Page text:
August 14, 2010

The Return of Bouterse and CARICOM

THE INAUGURATION ceremony is over. It is official: Desi Bouterse, Suriname’s 64-year-old former military commander who first seized political power in a coup 20 years ago, is again controlling the reins of state power. As of yesterday he is functioning as the new constitutionally and ceremonially sworn president of that former Dutch colony. According to reports out of the capital Paramaribo, the only Caribbean Community representative, at prime ministerial level, to attend the inauguration would have been Prime Minister Samuel Hinds of Guyana, representing President Bharrat Jagdeo, who had lost no time in congratulating Bouterse.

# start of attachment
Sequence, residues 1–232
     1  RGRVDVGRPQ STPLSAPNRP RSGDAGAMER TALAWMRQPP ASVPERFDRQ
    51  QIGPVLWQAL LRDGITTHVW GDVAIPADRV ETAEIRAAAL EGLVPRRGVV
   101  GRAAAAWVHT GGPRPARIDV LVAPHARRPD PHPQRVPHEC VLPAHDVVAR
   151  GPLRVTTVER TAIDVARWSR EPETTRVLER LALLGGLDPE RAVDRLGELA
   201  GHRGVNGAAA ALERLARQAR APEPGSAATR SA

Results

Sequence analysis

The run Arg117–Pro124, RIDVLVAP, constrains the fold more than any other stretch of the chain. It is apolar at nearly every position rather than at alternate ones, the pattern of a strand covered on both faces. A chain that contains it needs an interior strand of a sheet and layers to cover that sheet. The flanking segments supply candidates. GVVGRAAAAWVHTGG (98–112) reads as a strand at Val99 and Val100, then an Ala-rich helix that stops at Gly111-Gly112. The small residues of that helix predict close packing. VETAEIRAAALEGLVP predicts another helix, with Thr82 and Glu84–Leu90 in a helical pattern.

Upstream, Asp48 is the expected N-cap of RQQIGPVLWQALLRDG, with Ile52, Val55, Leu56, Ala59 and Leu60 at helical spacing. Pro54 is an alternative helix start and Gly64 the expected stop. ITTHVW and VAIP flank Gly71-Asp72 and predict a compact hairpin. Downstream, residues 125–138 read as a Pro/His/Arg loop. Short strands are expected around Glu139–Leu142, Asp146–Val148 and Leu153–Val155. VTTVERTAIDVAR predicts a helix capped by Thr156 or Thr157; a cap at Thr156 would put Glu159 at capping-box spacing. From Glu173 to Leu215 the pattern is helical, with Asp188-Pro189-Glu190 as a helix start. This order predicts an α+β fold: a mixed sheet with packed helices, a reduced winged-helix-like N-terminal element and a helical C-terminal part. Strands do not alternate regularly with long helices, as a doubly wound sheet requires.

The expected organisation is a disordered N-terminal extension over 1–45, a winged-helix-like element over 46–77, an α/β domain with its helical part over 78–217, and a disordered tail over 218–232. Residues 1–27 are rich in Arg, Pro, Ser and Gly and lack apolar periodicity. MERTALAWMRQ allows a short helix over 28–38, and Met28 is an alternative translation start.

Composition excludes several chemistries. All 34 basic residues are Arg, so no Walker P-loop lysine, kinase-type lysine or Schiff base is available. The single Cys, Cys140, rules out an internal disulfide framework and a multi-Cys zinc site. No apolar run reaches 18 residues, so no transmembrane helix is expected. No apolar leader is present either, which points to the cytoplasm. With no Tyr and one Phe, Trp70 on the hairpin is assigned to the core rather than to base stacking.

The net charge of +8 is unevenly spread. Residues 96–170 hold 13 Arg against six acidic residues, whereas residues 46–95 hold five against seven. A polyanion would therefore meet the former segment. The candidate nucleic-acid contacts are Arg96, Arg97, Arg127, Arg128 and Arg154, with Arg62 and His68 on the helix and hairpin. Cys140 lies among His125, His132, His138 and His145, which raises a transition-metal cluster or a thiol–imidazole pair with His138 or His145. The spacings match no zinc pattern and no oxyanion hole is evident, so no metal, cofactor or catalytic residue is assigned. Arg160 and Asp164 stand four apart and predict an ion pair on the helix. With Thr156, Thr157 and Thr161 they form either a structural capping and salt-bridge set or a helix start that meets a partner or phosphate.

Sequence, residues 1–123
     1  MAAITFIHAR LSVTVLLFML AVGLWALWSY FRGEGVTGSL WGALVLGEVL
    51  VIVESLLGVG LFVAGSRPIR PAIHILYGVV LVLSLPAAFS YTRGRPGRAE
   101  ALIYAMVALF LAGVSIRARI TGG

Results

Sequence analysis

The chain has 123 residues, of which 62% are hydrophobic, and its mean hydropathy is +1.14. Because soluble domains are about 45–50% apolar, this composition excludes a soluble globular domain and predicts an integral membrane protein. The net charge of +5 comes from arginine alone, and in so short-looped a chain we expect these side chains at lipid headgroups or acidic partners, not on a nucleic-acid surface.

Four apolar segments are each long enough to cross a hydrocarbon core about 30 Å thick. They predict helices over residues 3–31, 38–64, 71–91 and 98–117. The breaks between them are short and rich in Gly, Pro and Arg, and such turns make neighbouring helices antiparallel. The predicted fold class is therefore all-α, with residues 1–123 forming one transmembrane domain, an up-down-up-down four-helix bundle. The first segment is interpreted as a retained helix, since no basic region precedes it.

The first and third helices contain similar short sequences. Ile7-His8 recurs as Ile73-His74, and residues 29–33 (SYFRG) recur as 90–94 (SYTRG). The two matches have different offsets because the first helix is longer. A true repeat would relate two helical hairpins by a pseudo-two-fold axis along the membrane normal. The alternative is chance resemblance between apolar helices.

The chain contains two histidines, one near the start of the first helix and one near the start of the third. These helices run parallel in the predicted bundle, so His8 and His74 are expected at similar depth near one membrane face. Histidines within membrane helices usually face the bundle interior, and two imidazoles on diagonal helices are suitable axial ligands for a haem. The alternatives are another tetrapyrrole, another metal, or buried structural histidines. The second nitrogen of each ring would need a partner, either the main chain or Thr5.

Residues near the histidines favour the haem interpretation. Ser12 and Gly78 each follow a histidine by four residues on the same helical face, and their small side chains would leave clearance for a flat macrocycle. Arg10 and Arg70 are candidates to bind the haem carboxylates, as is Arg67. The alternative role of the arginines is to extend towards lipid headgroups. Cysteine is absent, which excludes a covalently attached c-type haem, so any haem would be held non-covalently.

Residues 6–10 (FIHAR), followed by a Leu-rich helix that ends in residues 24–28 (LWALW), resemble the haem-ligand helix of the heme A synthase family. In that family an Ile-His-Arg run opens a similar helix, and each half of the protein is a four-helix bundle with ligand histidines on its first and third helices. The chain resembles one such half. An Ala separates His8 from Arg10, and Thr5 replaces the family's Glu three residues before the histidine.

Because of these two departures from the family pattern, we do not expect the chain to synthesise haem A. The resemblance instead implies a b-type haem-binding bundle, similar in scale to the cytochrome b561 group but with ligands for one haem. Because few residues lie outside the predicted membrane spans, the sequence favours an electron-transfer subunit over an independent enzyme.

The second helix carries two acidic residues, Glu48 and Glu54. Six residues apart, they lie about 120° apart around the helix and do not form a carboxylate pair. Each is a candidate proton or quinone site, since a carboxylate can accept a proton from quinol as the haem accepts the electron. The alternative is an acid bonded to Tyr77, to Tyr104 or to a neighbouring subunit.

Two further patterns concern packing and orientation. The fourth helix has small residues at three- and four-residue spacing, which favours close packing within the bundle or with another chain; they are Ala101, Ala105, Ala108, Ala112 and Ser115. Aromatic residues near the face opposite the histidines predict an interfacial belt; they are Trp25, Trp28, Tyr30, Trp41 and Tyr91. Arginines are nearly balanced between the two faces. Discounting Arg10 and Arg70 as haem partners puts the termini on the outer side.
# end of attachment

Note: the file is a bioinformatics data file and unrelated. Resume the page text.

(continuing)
Suriname and Guyana are the Caribbean Community’s two mainland states located on the continent of South America. They are multi-ethnic and multicultural and have a colonially-inherited territorial dispute, arising from Surinamese claim to Guyanese demarcated territory in the New River triangle area, reputedly with hydro-power potential. Both the secretariats of the Organisation of American States (OAS) and CARICOM were reportedly invited to have an official presence for the inauguration of Bouterse, who succeeded the three-term elected mathematician Runaldo Venetiaan. Among CARICOM states not represented, at any level for Bouterse's inauguration, were Barbados, Jamaica and Trinidad and Tobago, as confirmed by this columnist; and related to stated absence of any official invitation.

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